We must first consider whether this appeal, which is of an interlocutory order, is properly before us. Our Supreme Court has recently held that orders overruling claims of privilege and requiring disclosure are immediately appealable. See Commonwealth v. Harris, 32 A.3d 243 (Pa.2011). Likewise, this Court has recently held that appeals from orders granting discovery in the face of colorable claims of attorney-client privilege are appealable under the collateral order doctrine.2 Id.;

[39 A.3d 376]

Law Office of Douglas T. Harris, Esquire v. Philadelphia Waterfront Partners, LP, 957 A.2d 1223, 1228–1229 (Pa.Super.2008). Accordingly, we will consider the merits of the present appeal.

Sherwin–Williams claims that the trial court erred in ordering the production of memoranda authored by Schreck and forwarded to in-house counsel Tamburrino. Sherwin–Williams argues that these documents are privileged as they were created to provide Tamburrino with the relevant facts from which he could begin his legal analysis of the Custom Designs suit.

“The question of whether attorney-client privilege protects a particular communication from disclosure is a question of law. As such, we employ a de novo standard of review and our scope of review is plenary.” Carbis Walker, LLP v. Hill, Barth & King, LLC, 930 A.2d 573, 581 (Pa.Super.2007).

In Pennsylvania, the attorney-client privilege operates in a two-way fashion to protect confidential client-to-attorney or attorney-to-client communications made for the purpose of obtaining or providing professional legal advice. Gillard v. AIG Ins. Co., 15 A.3d 44, 59 (Pa.2011); see 42 Pa.C.S. § 5928. In describing the purpose of the privilege, we have said: “The attorney-client privilege exists to foster a confidence between attorney and client that will lead to a trusting and open dialogue.” Gocial v. Independence Blue Cross, 827 A.2d 1216, 1222 (Pa.Super.2003).

Pennsylvania law imposes a shifting burden of proof in disputes over disclosure of communications allegedly protected by attorney-client privilege. The party invoking a privilege must initially “set forth facts showing that the privilege has been properly invoked; then the burden shifts to the party seeking disclosure to set forth facts showing that disclosure will not violate the attorney-client privilege, e.g., because the privilege has been waived or because some exception applies.” Nationwide Mut. Ins. Co. v. Fleming, 924 A.2d 1259, 1266 (Pa.Super.2007) (citations omitted), aff'd, 605 Pa. 468, 992 A.2d 65 (2010). Accordingly, “[i]f the party asserting the privilege does not produce sufficient facts to show that the privilege was properly invoked, then the burden never shifts to the other party, and the communication is not protected under attorney-client privilege.” Id. at 1267.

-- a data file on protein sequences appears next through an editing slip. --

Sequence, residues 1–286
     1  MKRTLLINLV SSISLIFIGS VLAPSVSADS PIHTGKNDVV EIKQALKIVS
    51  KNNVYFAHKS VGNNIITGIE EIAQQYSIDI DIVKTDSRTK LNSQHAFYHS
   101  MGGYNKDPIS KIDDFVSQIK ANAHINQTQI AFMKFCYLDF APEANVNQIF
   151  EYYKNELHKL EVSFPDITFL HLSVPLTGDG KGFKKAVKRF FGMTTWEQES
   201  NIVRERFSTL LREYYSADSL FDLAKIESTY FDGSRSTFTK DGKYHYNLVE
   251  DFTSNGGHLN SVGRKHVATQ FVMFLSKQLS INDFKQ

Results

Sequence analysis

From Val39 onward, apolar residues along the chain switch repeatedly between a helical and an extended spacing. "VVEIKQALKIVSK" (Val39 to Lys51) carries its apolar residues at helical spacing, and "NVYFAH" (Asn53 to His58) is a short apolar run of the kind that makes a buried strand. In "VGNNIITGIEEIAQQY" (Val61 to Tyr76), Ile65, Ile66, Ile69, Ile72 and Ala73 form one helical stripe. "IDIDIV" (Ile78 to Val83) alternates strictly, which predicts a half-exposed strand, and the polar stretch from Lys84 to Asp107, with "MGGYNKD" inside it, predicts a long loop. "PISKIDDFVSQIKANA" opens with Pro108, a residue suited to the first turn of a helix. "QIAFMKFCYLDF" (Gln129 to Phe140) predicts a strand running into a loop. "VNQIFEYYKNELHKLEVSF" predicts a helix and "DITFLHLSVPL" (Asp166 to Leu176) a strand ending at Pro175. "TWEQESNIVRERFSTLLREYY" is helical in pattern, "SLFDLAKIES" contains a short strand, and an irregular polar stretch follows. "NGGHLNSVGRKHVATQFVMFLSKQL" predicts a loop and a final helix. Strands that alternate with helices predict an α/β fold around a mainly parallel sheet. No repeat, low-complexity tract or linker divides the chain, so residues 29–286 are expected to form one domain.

Four elements must be satisfied in order to invoke successfully the protections of attorney-client privilege:

1) The asserted holder of the privilege is or sought to become a client.

2) The person to whom the communication was made is a member of the bar of a court, or his subordinate.

3) The communication relates to a fact of which the attorney was informed by his client, without the presence of strangers, for the purpose of securing either an opinion of law, legal services or assistance in a legal matter, and not for the purpose of committing a crime or tort.

4) The privilege has been claimed and is not waived by the client.

Id. at 1264 (citations omitted).

Instantly, the attorney-client privilege has been invoked by a corporate client. As our Commonwealth Court has previously recognized “this privilege attaches to communications made by corporate as well as individual clients.” Maleski v. Corporate Life Insurance Co., 163 Pa.Cmwlth. 36, 641 A.2d 1, 3 (1994) (citing

[39 A.3d 377]

Upjohn v. United States, 449 U.S. 383, 101 S.Ct. 677, 66 L.Ed.2d 584 (1981)).3

Mindful of these principles, we consider whether the documents at issue in the present case are protected from disclosure by application of attorney-client privilege. The parties concede that the first, second and fourth elements of the test outlined in Nationwide, supra, have been satisfied. Sherwin–Williams' Brief at 7; Custom Designs' Brief at 9. Thus, we focus on the third requirement, whether the communication “relates to a fact of which the attorney was informed by his client, without the presence of strangers, for the purpose of securing either an opinion of law, legal services or assistance in a legal matter[.]” Nationwide, supra.